Get ready to eschew eating animals

Vegan Festival in Ramat Gan promises entertainment and enlightenment.

Vegan movement founder Omri Paz: ‘Veganism is becoming more mainstream.’ (photo credit: Courtesy)
Vegan movement founder Omri Paz: ‘Veganism is becoming more mainstream.’
(photo credit: Courtesy)
The world’s biggest Vegan Festival will take place on Monday in Ramat Gan. Some 100 booths will offer vegan products, from food, cosmetics and vitamins to dog food and even condoms.
Vegan clothing and shoes – i.e., items made of materials free of leather or wool – will be available for sale as well.
To keep spirits high throughout the event, 10 bands will be performing.
Children are more than welcome.
There will be performances for the little ones, inflatable castles and gymborees, ball pools, puppet shows and other fun activities. Clowns will walk around the grounds, engaging any willing participant in banter and doing tricks.
Drawing and coloring workshops will attract older kids and keep them entertained while their parents visit booths or attend lectures. The program offers a rich roster of 40 lectures and talks touching on subjects such as the environment, sports, health, diet and personal issues in vegan life.
The talks on personal issues include topics such as veganism and family relationships. Consider the difficulties that a vegan might contend with in a non-vegan family. Presumably a vegan has to acquire some diplomatic or assertive skills to maintain peace at home.
There will be vegan stand-up comedy.
And a holistic health area will offer yoga sessions, shiatsu and Pilates. And, of course, there will be culinary workshops where home cooks can learn dozens of vegan recipes, from well-balanced main dishes to luscious desserts.
Given that Israel has an estimated 300,000 to 400,000 vegans – the world’s highest percentage in a national population – it is no surprise that the festival is being managed by 500 volunteers.
Says Omri Paz, the creator of the festival and founder of the vegan movement in Israel, “I want to show people the abundance of the vegan lifestyle with this festival. Last year 10,000 people attended. This year we’re expecting 15,000, which would make it the biggest vegan festival in the world.
Representatives from 20 animal organizations, such as SOS, will be present.
We’re even going to have a faux trial where people in animal costumes ‘sue’ humans.”
In such a context, the animals will predictably win the case.
“It’s a bit biased.” Paz admits, “But the main purpose of the event is to show that everything you do in your daily life, you can do the vegan way. And animals don’t have to suffer.”
Until two and a half years ago, 32-yearold Paz was a promising law student at the Hebrew University and comfortably omnivorous. Then one day, friends persuaded him to watch some YouTube videos on animal rights and the mistreatment of animals in factory farms.
Disturbed by what he was discovering, he sought more information. He took a week off from school to read dozens of books on veganism and watched more than 100 YouTube videos on the topic.
Fired with enthusiasm, he gave up his studies to dedicate all his time to promoting vegan activism.
At the time, Israel’s vegans had no unifying organization, so he created the nonprofit VeganFriendly movement.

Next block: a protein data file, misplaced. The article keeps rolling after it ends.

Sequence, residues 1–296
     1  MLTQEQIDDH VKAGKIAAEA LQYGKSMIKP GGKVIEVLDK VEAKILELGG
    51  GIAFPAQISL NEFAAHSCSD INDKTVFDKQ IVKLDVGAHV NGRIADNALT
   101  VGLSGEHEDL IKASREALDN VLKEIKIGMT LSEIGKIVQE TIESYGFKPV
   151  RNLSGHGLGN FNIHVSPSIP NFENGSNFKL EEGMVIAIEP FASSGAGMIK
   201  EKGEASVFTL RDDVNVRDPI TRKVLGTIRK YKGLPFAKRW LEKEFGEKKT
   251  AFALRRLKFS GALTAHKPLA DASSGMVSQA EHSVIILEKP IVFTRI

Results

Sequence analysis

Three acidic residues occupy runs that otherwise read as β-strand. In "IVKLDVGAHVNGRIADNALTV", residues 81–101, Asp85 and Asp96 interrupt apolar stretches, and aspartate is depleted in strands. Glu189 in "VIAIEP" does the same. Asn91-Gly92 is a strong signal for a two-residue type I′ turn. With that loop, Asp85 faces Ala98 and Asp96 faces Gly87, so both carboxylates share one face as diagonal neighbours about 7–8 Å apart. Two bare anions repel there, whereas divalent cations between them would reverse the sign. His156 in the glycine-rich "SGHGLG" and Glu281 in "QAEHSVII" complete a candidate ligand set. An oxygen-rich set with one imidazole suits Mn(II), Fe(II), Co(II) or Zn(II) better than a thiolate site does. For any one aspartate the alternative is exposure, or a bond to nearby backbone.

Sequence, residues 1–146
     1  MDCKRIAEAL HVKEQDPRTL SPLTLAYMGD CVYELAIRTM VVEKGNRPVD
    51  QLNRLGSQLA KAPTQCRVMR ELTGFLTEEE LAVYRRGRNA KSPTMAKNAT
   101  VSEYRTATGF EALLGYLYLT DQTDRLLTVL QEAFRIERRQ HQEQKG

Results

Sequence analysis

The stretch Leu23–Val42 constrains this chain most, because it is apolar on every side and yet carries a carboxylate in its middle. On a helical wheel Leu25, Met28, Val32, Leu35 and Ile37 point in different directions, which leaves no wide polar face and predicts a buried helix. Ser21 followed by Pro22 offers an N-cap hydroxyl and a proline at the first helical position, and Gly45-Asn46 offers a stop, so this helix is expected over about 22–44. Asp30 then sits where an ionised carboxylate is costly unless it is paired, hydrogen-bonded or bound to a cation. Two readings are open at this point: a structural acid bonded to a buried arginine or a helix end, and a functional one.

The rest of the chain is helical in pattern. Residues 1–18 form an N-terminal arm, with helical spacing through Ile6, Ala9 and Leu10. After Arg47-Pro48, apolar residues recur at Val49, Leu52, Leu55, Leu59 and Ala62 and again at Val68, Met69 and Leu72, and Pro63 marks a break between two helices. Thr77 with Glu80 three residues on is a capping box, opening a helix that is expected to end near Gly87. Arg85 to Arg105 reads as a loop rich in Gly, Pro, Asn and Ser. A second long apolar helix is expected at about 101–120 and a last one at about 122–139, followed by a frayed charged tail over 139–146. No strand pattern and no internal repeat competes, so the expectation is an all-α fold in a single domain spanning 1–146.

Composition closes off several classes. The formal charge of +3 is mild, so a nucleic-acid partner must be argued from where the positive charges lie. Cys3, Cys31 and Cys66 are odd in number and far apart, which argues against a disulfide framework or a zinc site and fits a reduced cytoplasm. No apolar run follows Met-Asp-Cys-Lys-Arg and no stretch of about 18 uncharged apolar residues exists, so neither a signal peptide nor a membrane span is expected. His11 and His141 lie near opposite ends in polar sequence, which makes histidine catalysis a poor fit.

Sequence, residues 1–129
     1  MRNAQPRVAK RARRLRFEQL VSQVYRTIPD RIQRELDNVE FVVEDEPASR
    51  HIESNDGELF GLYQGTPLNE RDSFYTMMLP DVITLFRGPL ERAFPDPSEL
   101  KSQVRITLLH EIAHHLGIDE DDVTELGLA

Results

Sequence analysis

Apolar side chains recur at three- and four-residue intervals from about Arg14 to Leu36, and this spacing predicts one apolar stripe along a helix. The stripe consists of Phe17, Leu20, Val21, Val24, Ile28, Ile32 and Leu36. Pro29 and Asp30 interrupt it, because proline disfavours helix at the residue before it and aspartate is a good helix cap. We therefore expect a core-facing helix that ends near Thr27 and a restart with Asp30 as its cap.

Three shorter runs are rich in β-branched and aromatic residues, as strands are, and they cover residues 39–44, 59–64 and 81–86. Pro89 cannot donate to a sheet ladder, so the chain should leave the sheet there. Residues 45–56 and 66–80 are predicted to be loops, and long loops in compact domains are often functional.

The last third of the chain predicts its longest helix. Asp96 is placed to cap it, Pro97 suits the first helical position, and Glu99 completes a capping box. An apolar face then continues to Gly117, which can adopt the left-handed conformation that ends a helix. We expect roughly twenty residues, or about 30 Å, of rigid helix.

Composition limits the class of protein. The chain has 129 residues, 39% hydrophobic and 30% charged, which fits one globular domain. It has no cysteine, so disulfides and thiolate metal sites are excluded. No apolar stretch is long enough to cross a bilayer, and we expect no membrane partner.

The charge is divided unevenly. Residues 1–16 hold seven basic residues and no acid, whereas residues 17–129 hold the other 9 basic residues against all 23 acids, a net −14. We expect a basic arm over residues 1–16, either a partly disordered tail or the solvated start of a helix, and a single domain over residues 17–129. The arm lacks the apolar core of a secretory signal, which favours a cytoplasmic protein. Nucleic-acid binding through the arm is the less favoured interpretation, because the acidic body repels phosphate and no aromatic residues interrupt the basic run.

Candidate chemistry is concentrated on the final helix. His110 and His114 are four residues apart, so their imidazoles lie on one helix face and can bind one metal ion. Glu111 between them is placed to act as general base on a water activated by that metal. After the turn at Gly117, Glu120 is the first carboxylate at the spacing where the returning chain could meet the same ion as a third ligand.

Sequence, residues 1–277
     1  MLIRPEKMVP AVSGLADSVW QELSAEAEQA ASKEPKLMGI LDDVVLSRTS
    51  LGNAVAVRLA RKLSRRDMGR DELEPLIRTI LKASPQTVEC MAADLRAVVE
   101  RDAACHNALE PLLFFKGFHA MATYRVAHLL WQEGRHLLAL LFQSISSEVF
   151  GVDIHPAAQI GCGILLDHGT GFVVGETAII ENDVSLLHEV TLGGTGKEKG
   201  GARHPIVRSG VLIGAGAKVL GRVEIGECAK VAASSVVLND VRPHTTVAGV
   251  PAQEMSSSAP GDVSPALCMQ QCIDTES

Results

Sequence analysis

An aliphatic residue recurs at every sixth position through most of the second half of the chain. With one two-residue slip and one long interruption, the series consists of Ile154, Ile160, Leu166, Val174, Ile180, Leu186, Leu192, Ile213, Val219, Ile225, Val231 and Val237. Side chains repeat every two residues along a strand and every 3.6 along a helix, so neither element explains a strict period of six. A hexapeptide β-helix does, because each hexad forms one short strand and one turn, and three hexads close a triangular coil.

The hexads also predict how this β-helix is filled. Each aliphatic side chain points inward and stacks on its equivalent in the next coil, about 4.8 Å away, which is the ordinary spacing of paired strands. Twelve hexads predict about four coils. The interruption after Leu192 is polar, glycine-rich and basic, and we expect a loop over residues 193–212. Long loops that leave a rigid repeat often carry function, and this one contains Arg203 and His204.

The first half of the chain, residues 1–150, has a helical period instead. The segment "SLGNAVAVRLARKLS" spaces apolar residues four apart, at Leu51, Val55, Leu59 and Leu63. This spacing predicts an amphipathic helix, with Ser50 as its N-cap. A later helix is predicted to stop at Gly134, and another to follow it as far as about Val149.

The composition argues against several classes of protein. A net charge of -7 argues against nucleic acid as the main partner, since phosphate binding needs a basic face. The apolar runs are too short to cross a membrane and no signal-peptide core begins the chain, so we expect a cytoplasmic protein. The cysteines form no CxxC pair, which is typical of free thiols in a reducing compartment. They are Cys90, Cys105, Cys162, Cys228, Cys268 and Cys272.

He also hosted the first Israeli vegan BBQ last year, grilling vegan burgers and vegetables in Tel Aviv’s Hayarkon Park to promote animal-free barbecues.
Another first-time vegan event was last year’s cheese-free Shavuot festival.
“Veganism aims to take care of the environment, promote human health and ensure the well-being of animals,” says Paz. “I always had pets and considered myself an animal lover. I volunteered for Jerusalem’s animal rescue SOS organization for four years. And I ate everything – meat, dairy, fish, eggs. But after I saw videos of animal rights activist Gary Yourofsky, I understood that animal rights involves much more than hugging and petting them. Animals are fine on their own. In their natural state, they don’t need humans,” he says.
“Today’s factory farm methods of raising animals for food are as backward, in terms of animal suffering, as they were 100 years ago,” he continues.
“One of our goals is to make the vegan lifestyle easier, with vegan menus in restaurants and vegan labeling on supermarket food products. Today there are 250 restaurants that have agreed to make their menus at least 25 percent vegan. We issue them a VeganFriendly certificate and a sticker with our logo to put on their front window,” he says.
“Our Facebook page has 62,000 members, mostly Israeli, and 1,500 vegan products are advertised there. Veganism is becoming more mainstream. People are beginning to realize that all the nutrients a human body needs are available in fresh produce, grains and pulses.
And no animal needs to die to keep you well fed and healthy,” he asserts.
Unlike some animal rights activist groups, VeganFriendly avoids using shocking images and videos of gruesome animal abuse. The movement’s focus is on the positive side of obtaining more animal-free food sources.
“That’s why it’s been so easy to become accepted in Israel,” says Paz.
“With fun events like our mega-festival, we hope to raise even more consciousness about the benefits of veganism.”
Judging from the promotional video of last year’s vegan festival, it certainly looks like the festival will live up to its promise of fun and a lot of thought-provoking information.
You can watch the video on the VeganFriendly website at the address below.

The Vegan Festival will take place at Ramat Gan’s National Park on October 13, from noon to 11:30 p.m. NIS 50 adults; NIS 30 children. NIS 150 for families of two adults and two children. NIS 25 for a full vegan meal.
For more information about the Vegan- Friendly movement and to order tickets for the festival, visit www.vegan-friendly.co.il or call (03) 613-3556.


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